Q. I was told this tail light is for an old Indian motorcycle. Then someone else told me that he believes it is for an old automobile. I have no idea and am wondering if you might be able to help me. The only writing I can find says: “ROSCO” AW POSEN & CO.
— Gary W. Lawing, Tampa, Fla.
A. It looks more like a motorcycle lamp than one for a car. However, it turns out that A.W. Rosen & Co., founded in Jamaica, N.Y., in 1907, now operates under the Rosco name. Through the 1950s, it produced all sorts of lighting equipment for the auto industry. After purchase by Sol Englander in 1961, it began to focus on products for commercial vehicles. Today the company supplies a number of components, principally mirrors, for military equipment, including the Army’s HMMWV (Humvee) and the civilian Hummer H1, and school buses. The possibilities are many. Does anyone recognize it?
Q. I found 10 of these aluminum chrome trim pieces in an old garage that I was cleaning out. The owner had passed away recently. He had mostly Ford parts, so I am assuming these are Ford. Could they bolt onto a grille? There seems to be undercoating on the nuts. The only numbers I can find on the chrome pieces is 4667682. I have had no luck in identifying them. Any information would be very helpful.
— Ron Durkey, Clintonville, Wis.
A. It seems reasonable to assume that they all came from the same car. The undercoating suggests that were removed from a car, and that they mount to the body, not on the grille or interior. At first I thought they might fit the sculptured “spear” on the door of a 1958 Thunderbird, which has five hash marks on each side. However, they don’t look wide enough. I’m wondering if instead they go on the tail lights of a 1958 or ’59 Mercury. The Park Lane model seems to have had five semicircular chrome fins to a side. Readers, any other ideas?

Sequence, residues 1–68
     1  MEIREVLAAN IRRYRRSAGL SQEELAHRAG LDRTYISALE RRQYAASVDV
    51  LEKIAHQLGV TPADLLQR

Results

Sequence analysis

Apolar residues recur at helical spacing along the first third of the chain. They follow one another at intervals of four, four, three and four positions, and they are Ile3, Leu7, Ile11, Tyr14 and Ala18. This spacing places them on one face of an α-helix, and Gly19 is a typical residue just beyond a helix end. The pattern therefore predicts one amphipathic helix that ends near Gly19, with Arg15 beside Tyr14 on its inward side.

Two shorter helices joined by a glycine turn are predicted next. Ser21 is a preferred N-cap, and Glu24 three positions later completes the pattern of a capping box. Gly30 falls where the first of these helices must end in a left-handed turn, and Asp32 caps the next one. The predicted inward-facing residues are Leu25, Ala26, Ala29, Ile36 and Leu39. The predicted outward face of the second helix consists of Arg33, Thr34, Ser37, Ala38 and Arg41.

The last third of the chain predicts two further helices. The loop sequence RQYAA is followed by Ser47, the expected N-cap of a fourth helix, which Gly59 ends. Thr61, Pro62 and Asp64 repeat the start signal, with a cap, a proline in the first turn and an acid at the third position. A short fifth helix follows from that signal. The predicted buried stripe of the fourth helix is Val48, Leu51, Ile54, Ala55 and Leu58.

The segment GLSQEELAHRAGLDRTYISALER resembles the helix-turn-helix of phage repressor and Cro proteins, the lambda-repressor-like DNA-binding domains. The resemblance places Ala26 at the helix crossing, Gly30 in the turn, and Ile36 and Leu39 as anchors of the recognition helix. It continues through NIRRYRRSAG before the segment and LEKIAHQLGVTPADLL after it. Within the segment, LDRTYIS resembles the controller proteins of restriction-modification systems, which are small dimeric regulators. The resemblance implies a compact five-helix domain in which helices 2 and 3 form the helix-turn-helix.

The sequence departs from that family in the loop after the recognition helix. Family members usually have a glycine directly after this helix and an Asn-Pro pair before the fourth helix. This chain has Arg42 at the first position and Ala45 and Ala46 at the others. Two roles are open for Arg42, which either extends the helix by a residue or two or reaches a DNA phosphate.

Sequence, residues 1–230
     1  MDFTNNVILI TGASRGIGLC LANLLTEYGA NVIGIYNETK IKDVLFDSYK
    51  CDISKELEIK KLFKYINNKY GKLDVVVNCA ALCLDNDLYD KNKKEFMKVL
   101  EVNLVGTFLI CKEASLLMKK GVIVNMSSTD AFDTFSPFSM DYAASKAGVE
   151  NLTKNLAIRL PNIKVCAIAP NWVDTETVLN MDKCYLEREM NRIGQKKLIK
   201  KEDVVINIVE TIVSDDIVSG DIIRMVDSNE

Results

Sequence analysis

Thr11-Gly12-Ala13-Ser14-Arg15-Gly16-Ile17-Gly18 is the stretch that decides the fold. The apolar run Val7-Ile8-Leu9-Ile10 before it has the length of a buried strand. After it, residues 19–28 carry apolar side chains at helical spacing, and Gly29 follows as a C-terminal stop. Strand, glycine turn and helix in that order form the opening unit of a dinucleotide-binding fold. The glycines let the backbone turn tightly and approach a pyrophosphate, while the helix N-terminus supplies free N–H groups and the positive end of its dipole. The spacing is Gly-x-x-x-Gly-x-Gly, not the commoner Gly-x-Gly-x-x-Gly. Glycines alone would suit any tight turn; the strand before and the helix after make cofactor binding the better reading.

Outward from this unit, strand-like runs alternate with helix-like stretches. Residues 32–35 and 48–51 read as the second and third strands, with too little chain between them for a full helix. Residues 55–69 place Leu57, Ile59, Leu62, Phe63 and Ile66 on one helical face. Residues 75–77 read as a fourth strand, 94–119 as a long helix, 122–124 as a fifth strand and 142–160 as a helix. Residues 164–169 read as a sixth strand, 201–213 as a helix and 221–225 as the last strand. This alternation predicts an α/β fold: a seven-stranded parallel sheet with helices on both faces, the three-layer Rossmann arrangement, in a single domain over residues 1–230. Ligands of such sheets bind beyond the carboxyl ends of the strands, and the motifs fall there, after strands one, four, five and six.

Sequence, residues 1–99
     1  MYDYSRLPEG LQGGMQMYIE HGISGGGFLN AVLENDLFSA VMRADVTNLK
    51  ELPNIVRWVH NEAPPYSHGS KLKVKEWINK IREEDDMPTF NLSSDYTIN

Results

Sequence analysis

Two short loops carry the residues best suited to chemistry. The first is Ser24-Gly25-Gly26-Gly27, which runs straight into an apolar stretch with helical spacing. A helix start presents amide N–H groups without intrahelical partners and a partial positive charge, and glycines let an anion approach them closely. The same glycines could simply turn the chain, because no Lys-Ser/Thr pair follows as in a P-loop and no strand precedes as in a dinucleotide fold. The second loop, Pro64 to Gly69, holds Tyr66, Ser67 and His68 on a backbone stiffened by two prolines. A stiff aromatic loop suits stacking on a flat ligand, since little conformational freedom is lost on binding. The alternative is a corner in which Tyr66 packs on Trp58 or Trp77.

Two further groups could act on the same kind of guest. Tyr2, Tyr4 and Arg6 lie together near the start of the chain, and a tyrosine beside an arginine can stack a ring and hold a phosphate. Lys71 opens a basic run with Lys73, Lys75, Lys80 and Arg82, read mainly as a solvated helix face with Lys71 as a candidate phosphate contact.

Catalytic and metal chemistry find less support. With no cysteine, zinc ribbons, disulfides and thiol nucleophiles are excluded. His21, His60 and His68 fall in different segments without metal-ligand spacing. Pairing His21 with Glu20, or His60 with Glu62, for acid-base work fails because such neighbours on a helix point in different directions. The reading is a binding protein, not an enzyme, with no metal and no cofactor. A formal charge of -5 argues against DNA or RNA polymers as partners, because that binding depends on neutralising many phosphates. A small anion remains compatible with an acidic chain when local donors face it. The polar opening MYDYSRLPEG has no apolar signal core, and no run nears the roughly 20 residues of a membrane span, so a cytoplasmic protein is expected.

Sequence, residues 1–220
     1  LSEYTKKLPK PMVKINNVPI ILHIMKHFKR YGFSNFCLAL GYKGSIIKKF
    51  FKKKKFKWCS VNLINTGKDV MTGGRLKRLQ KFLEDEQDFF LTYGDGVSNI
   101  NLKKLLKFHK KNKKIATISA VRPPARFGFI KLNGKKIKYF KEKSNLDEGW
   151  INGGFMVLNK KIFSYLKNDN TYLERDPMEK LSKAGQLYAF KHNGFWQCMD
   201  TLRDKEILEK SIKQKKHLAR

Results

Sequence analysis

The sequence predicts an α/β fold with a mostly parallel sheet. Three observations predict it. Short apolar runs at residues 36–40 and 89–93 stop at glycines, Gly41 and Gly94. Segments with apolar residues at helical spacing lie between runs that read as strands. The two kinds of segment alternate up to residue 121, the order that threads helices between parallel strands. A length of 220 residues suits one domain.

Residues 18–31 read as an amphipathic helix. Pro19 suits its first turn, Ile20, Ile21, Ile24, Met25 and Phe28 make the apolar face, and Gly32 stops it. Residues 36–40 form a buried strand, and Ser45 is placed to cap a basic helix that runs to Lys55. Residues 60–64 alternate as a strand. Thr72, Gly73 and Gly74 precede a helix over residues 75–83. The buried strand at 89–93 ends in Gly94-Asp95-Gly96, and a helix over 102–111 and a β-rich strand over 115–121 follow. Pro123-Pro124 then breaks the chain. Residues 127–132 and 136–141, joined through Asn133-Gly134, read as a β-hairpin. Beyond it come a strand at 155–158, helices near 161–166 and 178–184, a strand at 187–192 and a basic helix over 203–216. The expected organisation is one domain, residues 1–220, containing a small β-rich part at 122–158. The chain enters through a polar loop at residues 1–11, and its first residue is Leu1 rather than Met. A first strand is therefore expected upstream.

Q. I have a 1958 Edsel. Portions of the seat are upholstered in an off-white vinyl that is dirty or stained, mostly on the front seat where the folding seat was handled. I have exhausted my resources in trying to brighten it. I have tried all types of cleaners like 409 and other highly recommended cleaners to no avail. I resorted to trying full strength bleach without getting any effect on the discoloration. Any other suggestions would be appreciated.
— Tony Hambach, Warrenton, Mo.
A. It sounds like the discoloration is not merely a surface stain, but has managed to etch itself deeply into the material. In that respect, white and off-whites can be the most frustrating vinyls, as any type of stain or soil shows. You might have some luck with a mild solvent like WD-40 (if you read Bill Anderson’s article in the Jan. 24 issue you know that WD-40 is more solvent than lubricant). If that doesn’t do it, perhaps you’ll need a stronger chemical like acetone, that will actually remove a layer of “skin,” but you’ll need to be very careful. Try the solvent on a hidden section of the vinyl first, to see whether it badly disfigures the surface. If the vinyl is textured, such a chemical will probably leave an obvious scar. Readers, do you have any advice for Mr. Hambach?
To submit questions to this column: E-mail firstname.lastname@example.org or mail to: Q&A, c/o Angelo Van Bogart, 700 E. State St., Iola, WI 54990-0001.
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